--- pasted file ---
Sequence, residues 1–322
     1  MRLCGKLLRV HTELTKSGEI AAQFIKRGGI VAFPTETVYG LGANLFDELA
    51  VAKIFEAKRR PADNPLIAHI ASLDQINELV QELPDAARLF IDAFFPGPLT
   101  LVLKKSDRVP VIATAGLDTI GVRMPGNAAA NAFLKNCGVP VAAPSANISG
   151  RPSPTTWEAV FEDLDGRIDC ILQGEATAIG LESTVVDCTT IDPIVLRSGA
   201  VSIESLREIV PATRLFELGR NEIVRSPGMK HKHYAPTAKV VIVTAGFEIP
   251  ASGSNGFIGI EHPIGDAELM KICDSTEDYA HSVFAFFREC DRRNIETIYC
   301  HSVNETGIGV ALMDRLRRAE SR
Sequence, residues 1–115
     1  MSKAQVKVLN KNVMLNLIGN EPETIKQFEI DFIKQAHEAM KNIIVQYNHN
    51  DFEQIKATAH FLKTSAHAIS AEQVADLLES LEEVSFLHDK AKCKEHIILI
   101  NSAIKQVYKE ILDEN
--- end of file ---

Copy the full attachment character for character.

Sequence, residues 1–322
     1  MRLCGKLLRV HTELTKSGEI AAQFIKRGGI VAFPTETVYG LGANLFDELA
    51  VAKIFEAKRR PADNPLIAHI ASLDQINELV QELPDAARLF IDAFFPGPLT
   101  LVLKKSDRVP VIATAGLDTI GVRMPGNAAA NAFLKNCGVP VAAPSANISG
   151  RPSPTTWEAV FEDLDGRIDC ILQGEATAIG LESTVVDCTT IDPIVLRSGA
   201  VSIESLREIV PATRLFELGR NEIVRSPGMK HKHYAPTAKV VIVTAGFEIP
   251  ASGSNGFIGI EHPIGDAELM KICDSTEDYA HSVFAFFREC DRRNIETIYC
   301  HSVNETGIGV ALMDRLRRAE SR
Sequence, residues 1–115
     1  MSKAQVKVLN KNVMLNLIGN EPETIKQFEI DFIKQAHEAM KNIIVQYNHN
    51  DFEQIKATAH FLKTSAHAIS AEQVADLLES LEEVSFLHDK AKCKEHIILI
   101  NSAIKQVYKE ILDEN